By Dr. Ken Broda-Bahm:
As the question hangs in the air, you can see the tension working on the witness. Her face screws up, she looks at the ceiling, tenses her shoulders, and delays. As you call for a time-out in the preparation session, the witness blurts out, "What should I say? I don't know the answer!" Well, the attorney and consultant patiently explain, if you don't know, then perhaps that should be your answer. As long as the witness has done her homework in knowing what she should know, and as long as she isn't using it as an evasive tactic, then "I don't know" is going to be the only correct answer to that question. For attorneys and those who work with them, that advice is pretty obvious. Only it isn't always so clear on the witness's side of the table. Saying "I don't know" can feel like failing a test, looking stupid, or falling into opposing counsel's trap.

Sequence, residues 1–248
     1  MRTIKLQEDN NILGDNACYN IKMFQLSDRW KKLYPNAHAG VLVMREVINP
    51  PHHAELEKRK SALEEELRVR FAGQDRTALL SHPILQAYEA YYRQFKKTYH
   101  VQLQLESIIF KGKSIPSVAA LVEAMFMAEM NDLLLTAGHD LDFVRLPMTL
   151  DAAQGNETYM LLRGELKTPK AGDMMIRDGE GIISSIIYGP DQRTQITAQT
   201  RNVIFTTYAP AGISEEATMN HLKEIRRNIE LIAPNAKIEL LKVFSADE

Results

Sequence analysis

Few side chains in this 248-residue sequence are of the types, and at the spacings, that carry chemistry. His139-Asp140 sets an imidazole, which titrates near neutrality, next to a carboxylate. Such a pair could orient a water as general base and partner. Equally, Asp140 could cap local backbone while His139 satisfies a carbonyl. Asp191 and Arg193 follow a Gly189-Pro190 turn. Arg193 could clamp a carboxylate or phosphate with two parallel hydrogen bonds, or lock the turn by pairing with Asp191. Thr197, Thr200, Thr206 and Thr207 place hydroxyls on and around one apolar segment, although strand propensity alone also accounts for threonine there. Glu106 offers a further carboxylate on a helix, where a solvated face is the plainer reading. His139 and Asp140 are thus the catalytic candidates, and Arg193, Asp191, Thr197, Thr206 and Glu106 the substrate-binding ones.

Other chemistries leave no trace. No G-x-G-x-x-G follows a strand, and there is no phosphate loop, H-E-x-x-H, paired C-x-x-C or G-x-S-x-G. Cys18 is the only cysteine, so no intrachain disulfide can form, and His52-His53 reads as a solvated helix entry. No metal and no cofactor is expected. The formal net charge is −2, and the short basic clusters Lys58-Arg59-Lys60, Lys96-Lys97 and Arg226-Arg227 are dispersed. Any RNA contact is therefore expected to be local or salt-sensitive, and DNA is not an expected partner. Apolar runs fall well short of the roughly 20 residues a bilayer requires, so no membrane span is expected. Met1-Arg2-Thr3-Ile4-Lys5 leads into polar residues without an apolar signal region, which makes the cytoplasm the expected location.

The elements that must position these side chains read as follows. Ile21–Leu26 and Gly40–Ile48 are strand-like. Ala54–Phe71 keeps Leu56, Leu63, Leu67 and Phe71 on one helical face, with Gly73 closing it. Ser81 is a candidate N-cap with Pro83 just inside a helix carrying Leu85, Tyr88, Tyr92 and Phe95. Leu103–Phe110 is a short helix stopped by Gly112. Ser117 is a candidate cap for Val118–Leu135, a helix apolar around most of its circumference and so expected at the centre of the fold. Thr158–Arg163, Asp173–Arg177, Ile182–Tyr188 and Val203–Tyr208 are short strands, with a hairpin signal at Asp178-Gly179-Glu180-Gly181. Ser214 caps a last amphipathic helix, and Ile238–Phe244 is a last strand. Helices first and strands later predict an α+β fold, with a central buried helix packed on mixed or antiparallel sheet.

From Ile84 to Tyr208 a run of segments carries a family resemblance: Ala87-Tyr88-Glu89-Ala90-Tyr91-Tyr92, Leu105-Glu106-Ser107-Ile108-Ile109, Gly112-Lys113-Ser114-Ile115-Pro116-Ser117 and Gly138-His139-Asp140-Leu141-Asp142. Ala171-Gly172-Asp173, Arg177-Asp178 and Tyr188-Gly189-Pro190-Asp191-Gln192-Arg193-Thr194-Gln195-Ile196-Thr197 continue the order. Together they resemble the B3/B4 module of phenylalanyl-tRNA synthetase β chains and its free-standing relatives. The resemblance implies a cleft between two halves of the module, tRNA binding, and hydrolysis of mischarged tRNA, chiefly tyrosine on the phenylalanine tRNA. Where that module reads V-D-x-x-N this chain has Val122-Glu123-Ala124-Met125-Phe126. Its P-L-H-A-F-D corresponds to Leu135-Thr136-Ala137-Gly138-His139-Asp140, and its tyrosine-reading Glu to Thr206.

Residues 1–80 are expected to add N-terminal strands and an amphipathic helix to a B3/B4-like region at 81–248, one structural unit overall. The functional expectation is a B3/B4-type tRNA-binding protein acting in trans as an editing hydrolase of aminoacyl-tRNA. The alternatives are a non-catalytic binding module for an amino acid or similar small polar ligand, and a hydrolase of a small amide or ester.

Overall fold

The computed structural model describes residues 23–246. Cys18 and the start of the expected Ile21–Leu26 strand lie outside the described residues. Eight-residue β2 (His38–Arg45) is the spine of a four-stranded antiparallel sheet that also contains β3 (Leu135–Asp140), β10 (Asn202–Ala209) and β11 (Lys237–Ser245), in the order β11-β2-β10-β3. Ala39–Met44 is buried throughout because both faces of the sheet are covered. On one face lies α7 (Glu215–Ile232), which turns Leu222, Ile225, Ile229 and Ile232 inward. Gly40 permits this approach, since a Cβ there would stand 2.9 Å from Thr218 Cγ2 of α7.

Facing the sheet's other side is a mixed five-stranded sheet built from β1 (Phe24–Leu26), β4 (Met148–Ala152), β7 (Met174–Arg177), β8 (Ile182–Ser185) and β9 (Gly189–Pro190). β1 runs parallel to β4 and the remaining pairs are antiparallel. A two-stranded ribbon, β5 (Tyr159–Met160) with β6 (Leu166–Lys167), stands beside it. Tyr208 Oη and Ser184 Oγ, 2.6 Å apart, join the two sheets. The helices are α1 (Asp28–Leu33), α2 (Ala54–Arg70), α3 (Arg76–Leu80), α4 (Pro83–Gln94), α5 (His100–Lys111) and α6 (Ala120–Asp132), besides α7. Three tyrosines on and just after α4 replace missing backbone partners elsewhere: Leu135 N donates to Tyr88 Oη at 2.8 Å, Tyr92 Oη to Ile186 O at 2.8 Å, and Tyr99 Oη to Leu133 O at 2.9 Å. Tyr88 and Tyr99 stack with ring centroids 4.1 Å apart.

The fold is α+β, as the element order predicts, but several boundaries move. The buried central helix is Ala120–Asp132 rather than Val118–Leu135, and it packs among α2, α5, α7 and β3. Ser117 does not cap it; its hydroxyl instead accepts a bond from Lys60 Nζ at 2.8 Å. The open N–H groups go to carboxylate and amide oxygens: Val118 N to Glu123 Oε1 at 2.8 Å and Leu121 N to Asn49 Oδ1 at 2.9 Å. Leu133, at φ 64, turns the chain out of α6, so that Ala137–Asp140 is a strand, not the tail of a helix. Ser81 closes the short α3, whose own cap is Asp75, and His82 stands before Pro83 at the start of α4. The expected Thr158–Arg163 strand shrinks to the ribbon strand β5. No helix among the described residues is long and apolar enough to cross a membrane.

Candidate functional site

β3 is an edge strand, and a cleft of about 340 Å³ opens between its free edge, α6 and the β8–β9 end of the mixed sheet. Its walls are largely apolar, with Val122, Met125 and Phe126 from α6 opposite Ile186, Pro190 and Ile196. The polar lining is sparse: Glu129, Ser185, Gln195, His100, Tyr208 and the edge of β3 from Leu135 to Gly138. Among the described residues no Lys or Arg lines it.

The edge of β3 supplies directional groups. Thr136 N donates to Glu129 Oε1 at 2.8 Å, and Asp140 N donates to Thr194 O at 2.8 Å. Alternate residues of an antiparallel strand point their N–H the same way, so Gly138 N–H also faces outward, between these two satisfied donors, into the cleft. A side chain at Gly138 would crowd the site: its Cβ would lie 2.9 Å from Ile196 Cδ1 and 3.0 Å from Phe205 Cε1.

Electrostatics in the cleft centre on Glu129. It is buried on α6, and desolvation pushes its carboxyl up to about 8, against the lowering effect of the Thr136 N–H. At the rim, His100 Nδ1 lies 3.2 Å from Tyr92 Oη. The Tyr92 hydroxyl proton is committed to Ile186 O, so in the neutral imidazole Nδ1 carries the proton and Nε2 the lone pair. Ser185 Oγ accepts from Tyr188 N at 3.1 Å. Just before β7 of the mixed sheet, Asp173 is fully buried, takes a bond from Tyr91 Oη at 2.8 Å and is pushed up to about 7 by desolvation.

A key message for witnesses to take from the preparation process, however, is that there is great power in "I don't know." When it is used thoughtfully and accurately, it is one of many ways to keep the other side from gaining what they have not earned. When the witness doesn't know, and when the witness shouldn't be expected to know either, then being comfortable and confident in one's "I don't know" will make for a harder examination and fewer mistakes. As simple as that advice is, the subject might benefit from more than the top-level explanation. After all, the fact that it is such a common temptation suggests that there are powerful forces pulling witnesses away from the safety of their own knowledge. In this post, I will take a quick look at why witnesses sometimes avoid the "I don't know," some of the ways they try to avoid it, and a few alternative ways to say it that might be more comfortable.